Municipal campus draws criticism

POULSBO — Mayor-elect Kathryn Quade and Councilwoman Connie Lord did not go gently into that good night as they stood alone in opposition to the proposed municipal campus plan that passed by a 5-2 vote Wednesday.

After a failed amendment by Quade to remove the architect selection and sale of surplus property from the original motion, Councilman Ed Stern gave the first approval nod before Councilman Dale Rudolph cast the clinching vote as the council pushed the project forward, 5-2.

With the vote, the council approved the purchase of the Olympic Resource Management property at the corner of 10th Avenue and Lincoln Road for $2.1 million; authorized BLRB Architects of Tacoma to move ahead with actual design and engineering work on the site for a $12.4 million city hall and site preparation for the new police station; issued $5.1 million in general obligation bonds; and began the process of selling the current city hall site and the Mitchusson Park property.

Councilman Jeff McGinty boiled the two hours of discussion into a few simple words before the vote.

“Sure there’s risk in any decision we make, but we have a lot of data and I don’t know what else to ask for,” McGinty said.

While McGinty represented the majority of the council, Quade and Lord weren’t alone as many residents seized the opportunity to voice their concerns about the $14.6 million package for the 10th Avenue site.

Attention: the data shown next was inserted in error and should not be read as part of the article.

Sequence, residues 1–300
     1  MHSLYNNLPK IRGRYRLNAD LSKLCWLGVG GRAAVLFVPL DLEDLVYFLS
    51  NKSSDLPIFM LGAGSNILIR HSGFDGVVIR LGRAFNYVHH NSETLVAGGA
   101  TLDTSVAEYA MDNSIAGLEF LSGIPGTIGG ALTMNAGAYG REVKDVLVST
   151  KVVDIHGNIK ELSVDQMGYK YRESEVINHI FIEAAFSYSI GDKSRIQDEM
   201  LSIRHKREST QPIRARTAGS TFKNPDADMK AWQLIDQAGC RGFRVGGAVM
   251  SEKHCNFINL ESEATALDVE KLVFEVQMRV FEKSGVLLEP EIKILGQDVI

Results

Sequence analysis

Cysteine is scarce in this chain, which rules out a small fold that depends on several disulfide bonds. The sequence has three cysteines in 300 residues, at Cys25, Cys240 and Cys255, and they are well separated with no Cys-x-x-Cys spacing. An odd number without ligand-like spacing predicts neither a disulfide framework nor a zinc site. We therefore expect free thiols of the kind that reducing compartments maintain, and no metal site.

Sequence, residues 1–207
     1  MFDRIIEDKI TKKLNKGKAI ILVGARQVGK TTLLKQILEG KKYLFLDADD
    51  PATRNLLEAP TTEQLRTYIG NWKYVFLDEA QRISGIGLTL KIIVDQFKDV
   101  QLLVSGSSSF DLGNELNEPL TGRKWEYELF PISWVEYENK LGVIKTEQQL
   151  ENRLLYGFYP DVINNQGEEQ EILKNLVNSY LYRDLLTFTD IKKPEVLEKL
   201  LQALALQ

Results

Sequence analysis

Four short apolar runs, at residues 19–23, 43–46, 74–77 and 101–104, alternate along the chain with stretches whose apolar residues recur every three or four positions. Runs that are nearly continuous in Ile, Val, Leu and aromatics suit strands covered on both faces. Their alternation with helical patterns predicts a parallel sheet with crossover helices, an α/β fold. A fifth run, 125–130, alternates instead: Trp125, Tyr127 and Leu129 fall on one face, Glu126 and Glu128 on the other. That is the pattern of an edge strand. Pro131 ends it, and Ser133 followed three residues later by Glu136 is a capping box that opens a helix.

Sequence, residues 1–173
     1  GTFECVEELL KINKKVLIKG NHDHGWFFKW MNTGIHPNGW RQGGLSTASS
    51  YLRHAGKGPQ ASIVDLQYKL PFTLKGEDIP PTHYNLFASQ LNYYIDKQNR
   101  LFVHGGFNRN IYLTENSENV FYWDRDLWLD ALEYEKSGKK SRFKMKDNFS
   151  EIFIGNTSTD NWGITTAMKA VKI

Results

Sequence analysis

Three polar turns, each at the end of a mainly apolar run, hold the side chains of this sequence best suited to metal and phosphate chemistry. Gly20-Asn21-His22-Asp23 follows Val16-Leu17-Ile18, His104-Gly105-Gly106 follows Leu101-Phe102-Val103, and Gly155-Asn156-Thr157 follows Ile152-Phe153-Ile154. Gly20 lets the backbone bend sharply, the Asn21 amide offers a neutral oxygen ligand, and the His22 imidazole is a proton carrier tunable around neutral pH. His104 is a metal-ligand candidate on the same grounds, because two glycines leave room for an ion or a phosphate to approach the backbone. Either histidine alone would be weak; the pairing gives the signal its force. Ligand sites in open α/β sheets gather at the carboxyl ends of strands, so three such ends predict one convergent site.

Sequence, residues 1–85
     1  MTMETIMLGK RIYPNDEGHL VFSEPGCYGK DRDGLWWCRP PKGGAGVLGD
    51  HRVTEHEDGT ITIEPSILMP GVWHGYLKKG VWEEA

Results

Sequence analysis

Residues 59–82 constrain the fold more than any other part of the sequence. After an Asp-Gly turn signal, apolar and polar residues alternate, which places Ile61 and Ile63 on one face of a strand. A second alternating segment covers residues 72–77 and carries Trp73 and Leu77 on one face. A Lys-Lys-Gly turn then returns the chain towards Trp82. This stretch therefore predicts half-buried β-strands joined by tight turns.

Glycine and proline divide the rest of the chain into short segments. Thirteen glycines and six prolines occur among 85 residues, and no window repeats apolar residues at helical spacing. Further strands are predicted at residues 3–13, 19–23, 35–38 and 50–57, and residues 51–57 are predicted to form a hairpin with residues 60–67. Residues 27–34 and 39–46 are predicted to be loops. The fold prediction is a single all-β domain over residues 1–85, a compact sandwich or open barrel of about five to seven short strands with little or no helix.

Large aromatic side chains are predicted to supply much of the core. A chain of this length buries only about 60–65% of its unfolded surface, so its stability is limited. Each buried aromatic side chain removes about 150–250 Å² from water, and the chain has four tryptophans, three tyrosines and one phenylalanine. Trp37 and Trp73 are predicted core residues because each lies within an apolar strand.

Before the council decided on the issue, Mayor Donna Jean Bruce opened the floor for public comment as she expressed her desire that people not repeat what others had already said.

Longtime council watchdog Muriel Williams voiced her support for the proposal before the flood of opposition filled the room.

“I urge the council to get the Poulsbo campus going as soon as possible,” Williams said.

Even though Williams and a handful of other residents were supportive of the entire proposal, others had their reservations.

“City hall is being built for the community and should be built by the community,” said Greater Poulsbo Chamber of Commerce President Pat McFadden as she read from a letter addressed to Bruce.

The chamber understands that given the magnitude of the project city officials may feel the project cannot be totally done by local professionals, McFadden said.

For that reason, the chamber asked the city to set a realistic goal of 20 percent of the total project budget being contracted with local professional services, engineers and contractors, she said.

“Making a commitment like many other jurisdictions and government agencies have made similarly in the past, you stand to build much greater goodwill versus simply having a contractor include us in their visioning process,” she said. “That does not translate into dollars invested and re-injected through our local economy.”

In addressing that concern, Councilman Rudolph noted that 18 percent of the architecture and engineering budget for the project will go to local architects.

“This is an opportunity to get on the team, and this is the best compromise I’ve seen to get local involvement,” Rudolph said.